publisher = {Academic Press},
ISBN = {0-12-122952-1},
comment = {description of logic, heuristics, and many examples}
}
@book{boyer-moore-aclh,
author = {Boyer, Robert S. and Moore, J. Strother},
title = {A Computational Logic Handbook},
year = 1988,
publisher = {Academic Press},
ISBN = {0-12-122950-5},
order-info = {This book may be ordered by calling Academic Press at
(800)321-5068 FAX 1-800-874-6418 or by writing to
to the Academic Press Books, Customer Service Department, Orlando, FL 32887}
comment = {comprehensive user's manual}
}
R. S. Boyer, M. Kaufmann, and J S. Moore, The Boyer-Moore Theorem Prover and
Its Interactive Enhancement, {\em Computers and Mathematics with Applications,}
Vol. 29, No. 2, pp. 27-62, 1995.
The ./doc/ directory in the Nqthm distribution, which includes several
revised chapters for "A Computational Logic Handbook", including the
two most essential chapters, which describe the logic and all the user
commands. A second edition of this handbook is scheduled to appear in
late 1997 or early 1998.
Applications:
By far, the most significant application of Nqthm has been to a prove
the correctness of a computing system known as the CLI Stack, which
includes (a) a microprocessor design (FM8502) based on gates and
registers, (b) an assembler (Piton) that targets FM8502, and (c) a
higher level language (micro Gypsy) that targets Piton. We have also
seen a proof of correctness of a small operating system kernel (KIT).
FM8502, Piton, micro Gypsy, and Kit are documented in [62, 62a].
Another major application of Nqthm is the Ph.D. work of N. Shankar in
proof checking Goedel's incompleteness theorem [69a]. The text of this
proof effort is included in the standard distribution of Nqthm, along
with Shankar's checking of the Church-Rosser theorem.
In the first chapter of "A Computational Logic Handbook", many other
applications of Nqthm are enumerated, including those in list processing,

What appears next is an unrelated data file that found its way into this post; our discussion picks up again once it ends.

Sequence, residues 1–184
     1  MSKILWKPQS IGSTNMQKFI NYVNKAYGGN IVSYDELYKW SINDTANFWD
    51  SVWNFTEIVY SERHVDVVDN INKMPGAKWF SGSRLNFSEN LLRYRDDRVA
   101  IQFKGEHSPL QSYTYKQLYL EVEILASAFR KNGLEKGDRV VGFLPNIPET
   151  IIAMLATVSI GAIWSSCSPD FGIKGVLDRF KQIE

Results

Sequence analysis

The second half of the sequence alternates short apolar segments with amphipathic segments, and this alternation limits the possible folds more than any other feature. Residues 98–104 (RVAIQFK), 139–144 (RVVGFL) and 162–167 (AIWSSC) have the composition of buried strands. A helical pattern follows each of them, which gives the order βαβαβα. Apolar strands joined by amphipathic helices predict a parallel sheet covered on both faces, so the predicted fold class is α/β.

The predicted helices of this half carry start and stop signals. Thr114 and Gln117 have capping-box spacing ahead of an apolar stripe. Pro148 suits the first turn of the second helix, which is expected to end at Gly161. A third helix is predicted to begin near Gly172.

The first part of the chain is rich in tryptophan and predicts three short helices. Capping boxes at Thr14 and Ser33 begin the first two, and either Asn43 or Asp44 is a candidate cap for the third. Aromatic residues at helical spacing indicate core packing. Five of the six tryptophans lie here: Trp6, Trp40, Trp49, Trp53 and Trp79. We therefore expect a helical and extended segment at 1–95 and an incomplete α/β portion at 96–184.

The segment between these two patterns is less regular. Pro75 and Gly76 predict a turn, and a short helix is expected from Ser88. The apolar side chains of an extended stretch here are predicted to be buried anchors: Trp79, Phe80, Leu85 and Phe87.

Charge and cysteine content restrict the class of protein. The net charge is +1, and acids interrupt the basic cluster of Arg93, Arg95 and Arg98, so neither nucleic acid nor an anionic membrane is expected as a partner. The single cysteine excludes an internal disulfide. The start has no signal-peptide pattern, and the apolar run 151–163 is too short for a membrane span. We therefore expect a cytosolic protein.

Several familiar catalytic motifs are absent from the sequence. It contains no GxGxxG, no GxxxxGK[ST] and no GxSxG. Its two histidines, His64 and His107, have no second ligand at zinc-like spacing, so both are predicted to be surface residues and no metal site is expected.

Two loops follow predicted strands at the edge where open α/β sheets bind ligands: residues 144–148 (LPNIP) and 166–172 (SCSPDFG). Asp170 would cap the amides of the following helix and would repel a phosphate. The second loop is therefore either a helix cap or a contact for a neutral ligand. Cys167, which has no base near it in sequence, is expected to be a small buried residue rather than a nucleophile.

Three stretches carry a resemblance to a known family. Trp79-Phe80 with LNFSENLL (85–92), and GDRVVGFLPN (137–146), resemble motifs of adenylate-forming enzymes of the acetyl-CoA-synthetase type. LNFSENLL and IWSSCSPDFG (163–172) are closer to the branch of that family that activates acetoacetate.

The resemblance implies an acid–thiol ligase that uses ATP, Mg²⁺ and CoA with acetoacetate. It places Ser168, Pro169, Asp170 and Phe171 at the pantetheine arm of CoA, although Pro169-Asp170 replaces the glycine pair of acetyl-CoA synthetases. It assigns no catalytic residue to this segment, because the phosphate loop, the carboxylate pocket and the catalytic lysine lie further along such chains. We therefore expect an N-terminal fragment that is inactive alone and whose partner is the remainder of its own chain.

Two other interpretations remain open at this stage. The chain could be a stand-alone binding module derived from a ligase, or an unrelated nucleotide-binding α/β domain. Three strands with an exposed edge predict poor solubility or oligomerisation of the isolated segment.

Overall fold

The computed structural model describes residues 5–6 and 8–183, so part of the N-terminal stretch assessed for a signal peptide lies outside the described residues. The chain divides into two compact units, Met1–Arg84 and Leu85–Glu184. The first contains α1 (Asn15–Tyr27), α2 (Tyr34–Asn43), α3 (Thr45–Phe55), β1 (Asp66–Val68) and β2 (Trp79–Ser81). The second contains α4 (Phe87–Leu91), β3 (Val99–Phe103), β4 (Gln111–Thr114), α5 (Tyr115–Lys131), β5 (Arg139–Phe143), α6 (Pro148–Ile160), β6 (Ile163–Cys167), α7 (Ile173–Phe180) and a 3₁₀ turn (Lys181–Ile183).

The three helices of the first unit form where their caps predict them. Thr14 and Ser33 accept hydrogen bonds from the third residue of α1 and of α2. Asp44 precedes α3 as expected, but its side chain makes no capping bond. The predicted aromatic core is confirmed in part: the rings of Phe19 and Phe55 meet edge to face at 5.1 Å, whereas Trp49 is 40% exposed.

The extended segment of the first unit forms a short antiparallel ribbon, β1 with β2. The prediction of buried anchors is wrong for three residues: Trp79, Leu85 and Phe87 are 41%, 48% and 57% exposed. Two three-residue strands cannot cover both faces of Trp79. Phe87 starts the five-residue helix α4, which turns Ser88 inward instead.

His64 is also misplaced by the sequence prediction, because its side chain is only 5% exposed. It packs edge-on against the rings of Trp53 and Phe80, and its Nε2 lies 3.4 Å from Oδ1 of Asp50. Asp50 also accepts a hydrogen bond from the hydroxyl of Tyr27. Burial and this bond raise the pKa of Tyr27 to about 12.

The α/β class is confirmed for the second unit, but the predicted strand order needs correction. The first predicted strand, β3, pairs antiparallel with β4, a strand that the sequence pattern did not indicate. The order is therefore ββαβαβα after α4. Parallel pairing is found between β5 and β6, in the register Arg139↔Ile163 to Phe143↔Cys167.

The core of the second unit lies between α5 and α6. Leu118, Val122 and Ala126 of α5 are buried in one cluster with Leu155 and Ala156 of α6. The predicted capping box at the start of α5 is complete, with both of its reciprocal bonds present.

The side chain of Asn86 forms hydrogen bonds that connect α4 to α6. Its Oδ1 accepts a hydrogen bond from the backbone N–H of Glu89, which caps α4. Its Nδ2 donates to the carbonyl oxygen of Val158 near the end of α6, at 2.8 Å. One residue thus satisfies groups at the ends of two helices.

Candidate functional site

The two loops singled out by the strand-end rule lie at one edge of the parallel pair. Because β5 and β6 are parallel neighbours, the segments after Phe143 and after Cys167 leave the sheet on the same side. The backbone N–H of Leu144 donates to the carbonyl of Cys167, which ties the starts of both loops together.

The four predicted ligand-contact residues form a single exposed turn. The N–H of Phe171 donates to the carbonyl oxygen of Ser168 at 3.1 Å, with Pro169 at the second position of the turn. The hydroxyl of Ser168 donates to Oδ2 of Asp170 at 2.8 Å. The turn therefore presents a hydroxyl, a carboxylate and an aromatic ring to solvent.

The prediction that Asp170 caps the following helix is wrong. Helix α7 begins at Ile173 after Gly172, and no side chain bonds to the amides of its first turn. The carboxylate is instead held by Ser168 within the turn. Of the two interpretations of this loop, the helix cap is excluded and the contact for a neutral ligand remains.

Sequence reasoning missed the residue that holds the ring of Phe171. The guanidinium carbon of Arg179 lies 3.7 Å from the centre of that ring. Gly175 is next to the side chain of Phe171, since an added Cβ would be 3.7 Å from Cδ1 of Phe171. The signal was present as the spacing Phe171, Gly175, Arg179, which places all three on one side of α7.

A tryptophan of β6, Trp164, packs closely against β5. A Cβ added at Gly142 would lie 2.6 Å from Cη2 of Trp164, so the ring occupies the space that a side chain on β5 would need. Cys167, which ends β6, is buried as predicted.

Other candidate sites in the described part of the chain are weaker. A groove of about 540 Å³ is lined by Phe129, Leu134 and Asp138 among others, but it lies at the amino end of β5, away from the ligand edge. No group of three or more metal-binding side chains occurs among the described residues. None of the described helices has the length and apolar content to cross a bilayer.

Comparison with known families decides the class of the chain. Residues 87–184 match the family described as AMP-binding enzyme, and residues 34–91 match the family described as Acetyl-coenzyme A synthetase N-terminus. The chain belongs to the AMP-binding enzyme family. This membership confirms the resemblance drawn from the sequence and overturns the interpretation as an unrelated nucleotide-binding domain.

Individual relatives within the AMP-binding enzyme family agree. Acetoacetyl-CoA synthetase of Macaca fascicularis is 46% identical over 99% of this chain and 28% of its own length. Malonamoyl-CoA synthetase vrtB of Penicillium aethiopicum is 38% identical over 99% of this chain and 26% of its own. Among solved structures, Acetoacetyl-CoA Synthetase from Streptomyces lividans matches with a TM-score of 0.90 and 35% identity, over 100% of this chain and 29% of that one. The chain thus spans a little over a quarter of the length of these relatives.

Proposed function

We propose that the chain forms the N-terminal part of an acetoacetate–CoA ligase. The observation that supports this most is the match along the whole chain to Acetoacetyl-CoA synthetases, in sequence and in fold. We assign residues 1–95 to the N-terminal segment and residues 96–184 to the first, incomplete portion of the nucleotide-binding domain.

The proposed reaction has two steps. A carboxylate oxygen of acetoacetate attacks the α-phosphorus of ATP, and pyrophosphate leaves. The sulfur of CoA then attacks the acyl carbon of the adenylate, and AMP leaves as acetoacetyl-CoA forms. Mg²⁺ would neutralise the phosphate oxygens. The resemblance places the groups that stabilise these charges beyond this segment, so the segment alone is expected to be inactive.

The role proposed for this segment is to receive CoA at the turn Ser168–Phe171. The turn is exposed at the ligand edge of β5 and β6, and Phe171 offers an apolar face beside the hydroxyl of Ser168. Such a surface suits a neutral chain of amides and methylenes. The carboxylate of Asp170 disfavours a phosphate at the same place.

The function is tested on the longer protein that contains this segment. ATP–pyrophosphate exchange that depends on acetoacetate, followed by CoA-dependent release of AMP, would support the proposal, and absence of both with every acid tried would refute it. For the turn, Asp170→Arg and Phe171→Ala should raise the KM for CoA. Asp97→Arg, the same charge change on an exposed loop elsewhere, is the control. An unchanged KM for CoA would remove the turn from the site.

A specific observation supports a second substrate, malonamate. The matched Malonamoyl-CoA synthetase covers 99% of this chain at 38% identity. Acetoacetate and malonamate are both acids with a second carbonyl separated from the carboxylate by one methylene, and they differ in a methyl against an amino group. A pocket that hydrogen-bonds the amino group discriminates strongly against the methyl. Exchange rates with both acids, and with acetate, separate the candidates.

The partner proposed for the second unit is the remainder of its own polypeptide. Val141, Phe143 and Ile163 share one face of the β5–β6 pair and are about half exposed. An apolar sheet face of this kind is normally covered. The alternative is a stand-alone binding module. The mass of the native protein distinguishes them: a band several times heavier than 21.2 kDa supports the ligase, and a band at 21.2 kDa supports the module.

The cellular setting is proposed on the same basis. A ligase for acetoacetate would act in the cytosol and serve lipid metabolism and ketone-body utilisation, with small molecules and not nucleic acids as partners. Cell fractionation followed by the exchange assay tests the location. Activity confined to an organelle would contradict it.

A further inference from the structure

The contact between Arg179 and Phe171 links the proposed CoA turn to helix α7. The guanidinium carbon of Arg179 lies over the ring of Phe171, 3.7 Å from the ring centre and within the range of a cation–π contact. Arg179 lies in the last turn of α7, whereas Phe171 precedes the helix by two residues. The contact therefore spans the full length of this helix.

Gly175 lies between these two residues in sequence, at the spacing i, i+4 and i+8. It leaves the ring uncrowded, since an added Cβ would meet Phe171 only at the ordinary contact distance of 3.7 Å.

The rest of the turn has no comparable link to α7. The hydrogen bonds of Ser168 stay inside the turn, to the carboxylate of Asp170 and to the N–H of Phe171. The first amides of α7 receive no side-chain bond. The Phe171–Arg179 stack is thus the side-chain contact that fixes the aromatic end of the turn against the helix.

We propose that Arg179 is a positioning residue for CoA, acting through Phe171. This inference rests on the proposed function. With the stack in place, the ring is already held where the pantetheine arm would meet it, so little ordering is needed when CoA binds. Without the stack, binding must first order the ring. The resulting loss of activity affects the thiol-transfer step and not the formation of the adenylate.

elementary number theory, metamathematics, set theory, and concurrent
algorithms.
Recently Bill Young and Bill Bevier at Computational Logic, Inc.,
have used Nqthm to develop a machine checked proof of correctness of the
``Oral Messages'' Algorithm of Pease, Shostak, and Lamport for solving the
problem of achieving interactive consistency. Such algorithms are important
in ensuring fault tolerance by redundant processing.
J. S. Moore, et. al. "Special Issue on System Verification". Journal of
Automated Reasoning 5, 4 (1989), 409-530.
Books:
W. Hunt. FM8501: A Verified Microprocessor. LNCS 795. Spring-Verlag. 1994.
N. Shankar. Metamathematics, Machines, and Goedel's Proof, Cambridge
University Press, 1994.
J S. Moore. A Mechanically Verified Assembly-Level Language. Kluwer, 1996.
Resource requirements:
The system runs well in at least these Common Lisps: Gnu Common Lisp (GCL),
Allegro (Franz), Lucid, and Macintosh. There are no operating system or
dialect conditionals, so the code may well run in other implementations of
Common Lisp. Executable images for some of this Lisps are available.
Bibliography: (lists about 100 publications about Nqthm's design
and about use of Nqthm)
ftp://ftp.cs.utexas.edu/pub/boyer/nqthm/nqthm-bibliography.html
Where-to-get-it:
To get a copy of Nqthm, read
ftp://ftp.cs.utexas.edu/pub/boyer/nqthm/index.html
Extensions/enhancements: Pc-Nqthm
[info date July 97]
%%%%%%%%%%%%%%%%%%%%%%%%%%%%%%%%%%%%%%%%%%%%%%%%%%%%%%%%%%%%%%%%%%%%%%%%%%%%%%